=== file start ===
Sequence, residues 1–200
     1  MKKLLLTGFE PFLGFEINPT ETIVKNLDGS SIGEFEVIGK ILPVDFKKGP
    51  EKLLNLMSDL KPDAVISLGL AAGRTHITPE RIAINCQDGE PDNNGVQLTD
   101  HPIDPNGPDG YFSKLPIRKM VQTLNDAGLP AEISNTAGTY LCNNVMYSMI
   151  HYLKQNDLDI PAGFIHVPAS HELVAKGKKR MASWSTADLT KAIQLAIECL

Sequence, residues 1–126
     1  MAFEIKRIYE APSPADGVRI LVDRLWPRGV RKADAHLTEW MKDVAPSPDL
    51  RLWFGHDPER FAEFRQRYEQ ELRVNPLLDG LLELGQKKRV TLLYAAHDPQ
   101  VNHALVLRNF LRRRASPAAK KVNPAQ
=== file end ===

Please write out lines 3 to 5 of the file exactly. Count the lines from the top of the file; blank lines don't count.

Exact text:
    51  EKLLNLMSDL KPDAVISLGL AAGRTHITPE RIAINCQDGE PDNNGVQLTD
   101  HPIDPNGPDG YFSKLPIRKM VQTLNDAGLP AEISNTAGTY LCNNVMYSMI
   151  HYLKQNDLDI PAGFIHVPAS HELVAKGKKR MASWSTADLT KAIQLAIECL